The reported PMS symptoms that improved included: affective lability, anxiety, appetite changes, bloating, breast tenderness, concentration difficulties, depression, fatigue, and irritability. Researchers noted that there was a clear “trend” toward a reduction in social withdrawal as a result of symptoms as well. A total of 49/50 women reported improvements.
All you need to experiment with binaural beats is a binaural beat audio and a pair of headphones or earbuds. You can easily find audio files of binaural beats online, such as on YouTube, or you can purchase CDs or download audio files directly to your mp3 player or other device. As mentioned earlier, for a binaural beat to work, the two tones have to have frequencies of less than 1000 Hz, and the difference between the two tones can’t be more than 30 Hz.
Women worry more than men do. A study of 166 married couples who kept stress diaries for six weeks found that women feel stress more frequently than men because women tend to worry in a more global way. Whereas a man might fret about something actual and specific—such as the fact that he's just been passed over for a promotion—a woman will tend to worry abstractly about her job, her weight, plus the well-being of every member of her extended family. Keep your anxiety focused on real, immediate issues, and tune out imagined ones or those over which you have zero control, and you'll automatically reduce stress overload.
In March I started using the CDs that I affectionately call “Meditation for Dummies” and am very pleased with the results so far. My blood pressure has dropped, I am sleeping better and notice that I feel much more calm and less stressed. Instead of feeling that I need to “find the time” in my schedule to meditate, I look forward to that totally relaxing half hour–that peaceful feeling of floating.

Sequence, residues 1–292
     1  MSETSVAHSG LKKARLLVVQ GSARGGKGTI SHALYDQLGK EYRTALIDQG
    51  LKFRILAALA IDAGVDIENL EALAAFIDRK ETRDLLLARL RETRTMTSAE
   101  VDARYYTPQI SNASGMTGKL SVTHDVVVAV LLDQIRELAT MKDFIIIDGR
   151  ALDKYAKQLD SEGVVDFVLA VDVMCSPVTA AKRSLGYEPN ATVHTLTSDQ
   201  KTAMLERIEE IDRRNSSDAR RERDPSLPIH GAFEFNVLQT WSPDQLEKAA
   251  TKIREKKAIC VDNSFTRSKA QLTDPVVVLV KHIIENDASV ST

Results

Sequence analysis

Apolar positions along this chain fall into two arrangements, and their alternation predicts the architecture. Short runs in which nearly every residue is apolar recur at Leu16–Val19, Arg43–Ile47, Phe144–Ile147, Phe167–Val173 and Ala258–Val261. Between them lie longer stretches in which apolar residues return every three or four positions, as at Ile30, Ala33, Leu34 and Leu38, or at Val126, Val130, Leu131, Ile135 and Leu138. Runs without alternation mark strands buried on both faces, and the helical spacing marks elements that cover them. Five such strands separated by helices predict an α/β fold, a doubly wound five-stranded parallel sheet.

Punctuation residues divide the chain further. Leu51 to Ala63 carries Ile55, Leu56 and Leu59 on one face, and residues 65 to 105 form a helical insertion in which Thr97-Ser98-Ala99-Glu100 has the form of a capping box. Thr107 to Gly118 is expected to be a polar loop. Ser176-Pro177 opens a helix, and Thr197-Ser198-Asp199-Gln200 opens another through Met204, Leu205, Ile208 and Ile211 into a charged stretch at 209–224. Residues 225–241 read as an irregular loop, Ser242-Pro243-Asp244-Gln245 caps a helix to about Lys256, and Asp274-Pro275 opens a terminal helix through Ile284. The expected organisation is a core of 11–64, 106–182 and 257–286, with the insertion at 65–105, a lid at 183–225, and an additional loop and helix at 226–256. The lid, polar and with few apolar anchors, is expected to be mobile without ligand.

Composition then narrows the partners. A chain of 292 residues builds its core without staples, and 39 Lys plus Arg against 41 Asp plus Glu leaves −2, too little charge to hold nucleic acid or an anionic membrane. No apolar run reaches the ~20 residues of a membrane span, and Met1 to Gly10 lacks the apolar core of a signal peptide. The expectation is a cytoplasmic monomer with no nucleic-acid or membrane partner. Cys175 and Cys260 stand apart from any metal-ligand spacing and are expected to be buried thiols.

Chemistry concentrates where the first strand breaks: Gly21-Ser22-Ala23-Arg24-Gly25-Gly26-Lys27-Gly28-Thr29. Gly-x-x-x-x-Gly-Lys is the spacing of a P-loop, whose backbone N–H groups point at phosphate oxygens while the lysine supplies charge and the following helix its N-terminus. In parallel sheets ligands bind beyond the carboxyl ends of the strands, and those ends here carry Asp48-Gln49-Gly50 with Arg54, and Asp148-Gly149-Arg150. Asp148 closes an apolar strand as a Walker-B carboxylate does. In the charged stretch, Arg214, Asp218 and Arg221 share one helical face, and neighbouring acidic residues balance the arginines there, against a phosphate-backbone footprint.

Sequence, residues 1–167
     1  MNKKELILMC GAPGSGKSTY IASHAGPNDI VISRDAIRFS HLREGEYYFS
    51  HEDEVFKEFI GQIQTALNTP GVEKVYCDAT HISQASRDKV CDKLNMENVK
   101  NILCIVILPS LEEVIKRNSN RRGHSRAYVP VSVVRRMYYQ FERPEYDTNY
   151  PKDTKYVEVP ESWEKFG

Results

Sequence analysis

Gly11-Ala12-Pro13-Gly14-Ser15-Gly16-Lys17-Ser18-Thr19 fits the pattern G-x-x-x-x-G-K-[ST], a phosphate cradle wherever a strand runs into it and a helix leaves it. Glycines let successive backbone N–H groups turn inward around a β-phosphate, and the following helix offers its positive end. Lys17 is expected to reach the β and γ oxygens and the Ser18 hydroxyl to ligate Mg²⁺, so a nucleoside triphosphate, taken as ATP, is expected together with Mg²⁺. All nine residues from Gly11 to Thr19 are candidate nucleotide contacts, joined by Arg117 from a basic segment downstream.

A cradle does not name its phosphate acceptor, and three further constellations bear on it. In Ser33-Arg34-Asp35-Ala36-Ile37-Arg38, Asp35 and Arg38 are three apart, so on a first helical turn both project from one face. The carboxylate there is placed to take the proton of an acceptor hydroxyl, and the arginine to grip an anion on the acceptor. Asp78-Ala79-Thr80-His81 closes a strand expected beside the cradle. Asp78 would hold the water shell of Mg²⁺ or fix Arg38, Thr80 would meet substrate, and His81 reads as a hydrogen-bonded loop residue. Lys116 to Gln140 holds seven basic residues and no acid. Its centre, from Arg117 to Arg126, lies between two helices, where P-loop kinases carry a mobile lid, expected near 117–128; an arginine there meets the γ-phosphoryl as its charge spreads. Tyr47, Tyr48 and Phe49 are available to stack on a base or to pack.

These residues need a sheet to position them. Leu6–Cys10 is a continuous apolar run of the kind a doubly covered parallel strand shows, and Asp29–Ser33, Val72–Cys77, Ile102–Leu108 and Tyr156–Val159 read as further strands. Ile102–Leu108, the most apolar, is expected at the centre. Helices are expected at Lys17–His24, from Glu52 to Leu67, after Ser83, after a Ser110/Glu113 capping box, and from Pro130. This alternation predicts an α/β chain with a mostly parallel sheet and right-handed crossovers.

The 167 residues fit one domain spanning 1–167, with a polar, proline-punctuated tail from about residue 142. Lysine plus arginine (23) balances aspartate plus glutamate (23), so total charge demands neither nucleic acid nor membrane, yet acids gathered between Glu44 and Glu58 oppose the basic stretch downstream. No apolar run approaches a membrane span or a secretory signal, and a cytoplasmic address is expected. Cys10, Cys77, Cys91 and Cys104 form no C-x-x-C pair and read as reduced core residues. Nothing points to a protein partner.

Proceedings of the 9th Conference on Interdisciplinary Musicology – CIM14. Berlin, Germany 2014 nature (birds and wind) while the second group listened to theta binaural sound waves. Both groups listened to the stimulus through headphones. During the experiment, participants were monitored with the Neurosky Mindwave Interface, which was connected through Processing to a Max Patch that saved all the data in a ‘.csv’ file. Before the stimulus, a baseline EEG took place and the participants answered the “Trait” part of the STAI test and a pre-experiment “State” version of the test. After the experiment, participants answered a post-experiment “State” STAI and a post-experiment EEG also took place. Each experiment was developed with one participant at a time in a controlled environment. American Psychological Association Ethical Principles and Code of Conduct 2002 were followed. 6. MATERIALS • Herman Miller chair • Neurosky Mindwave Interface • Maximum Voltage – 1mV • Maximum radiofrequency Range (Bluetooth) 10m • Maximum transference rate through RF – 250kb/s • Sample rate – 512Hz • Battery cycle – 6-8h • MacBook Pro 7. SOFTWARE • Processing 1.5.1 • Microsoft Excel • Max 6 • Braintocsv V1.5: Application developed in Max 6 by Santiago Rentería, which collates data gathered from the Mindwave interface into a ‘.csv’ file. 8. DOCUMENTS • STAI questionnaire (Annex 2) • STAI “Trait”: Measures anxiety as a temporal state. • STAI “State”: Measures anxiety based on how people feel on a daily basis. • Consent Letter (Annex 3) 9. CONTROL ENVIRONMENT Recording Studio Control Room located at Instituto Tecnológico y de Estudios Superiores de Monterrey, Campus Santa Fe. Fixed temperature at 22ºC and acoustically isolated. 10. STIMULI • Experimental group – Binaural Theta frequencies • Control group – Nature environmental sounds 11. PROCEDURE • The participant is asked to read and sign a consent letter. • A pre-experimental three-minute encephalogram is taken and the participant is required to answer State and Trait STAI tests. • The corresponding stimulus is played during ten minutes and an EEG is taken. • The State STAI test is answered and a post-experiment EEG is taken. 12. VISUAL DATA ANALYSIS The stimuli took place from second 180 to second 774. (Graphs in Annex 1) 12.1 Theta The significant time range was from second 3 to second 948. The most significant moments were the following: (see annex A1.5) s = 189; p = 0.014; t = 1.025 s = 495; p = 0.002; t = -1.923 s = 780; p = 0.001; t = -2.349 12.2 Meditation The significant time range was from second 240 to second 912. The most significant moments were the following: (see annex A1.3) s = 240; p = 0.042; t = .0.685 s = 522; p = 0.013; t = 0.546 s = 702; p = 0.016; t = 0.897 12.3 Delta The significant time range was from second 12 to second 954. The most significant moments were the following: (see annex A1.10) s = 177; p = 0.046; t = 1.696 s = 627; p = 0.016; t = -1.366 s = 912; p = 0.007; t = 1.758 12.4 Attention The significant time range was from second 243 to second 870. The most significant moments were the following: (see annex A1.11) s = 243; p = 0.021; t = 0.672 s = 513; p = 0.005; t = 0.722 s = 753; p = 0.017; t = 0.383 12.5 STAI Variations were found in STAI-State pre-experiment and post-experiment: • Control group results rose from 19 to 21 • Experimental group results decreased from 20 to 15. Variations between both groups were found in the STAI –Trait: • Experimental group with a score of 32 in STAI-T test outran control group by 4 points 13. RESULT ANALYSIS Samples were analyzed every three seconds. They were later statistically distributed according to the T-student test in order to find differences between both groups. For this experiment, the significant p value was p<0.05, this means that the probability is less than 5% T-student detailed analysis: • The meditation value is similar in both groups, (see graph A1.3). T-student function shows less significant points for this parameter. This means both stimuli induced relaxation to the participants. • Theta values are higher in the control group, especially after second 510 (see graph A1.5) almost at the middle of the stimulus. • STAI “State” post-experiment results from the experimental group are higher than the control. Therefore, theta binaural frequencies were more effective as an anxiolytic stimulus. (see graphs A1.1 and A1.2) • Delta values are higher after second 285 in the control group (see graph A1.10). This indicates deep sleep and losing of consciousness over the body (unconscious relaxation). It is highly possible that the participant fell asleep or got to the first stages of sleep. • There is a significant difference in delta between experimental and control groups after second 870 (post-stimulus). For the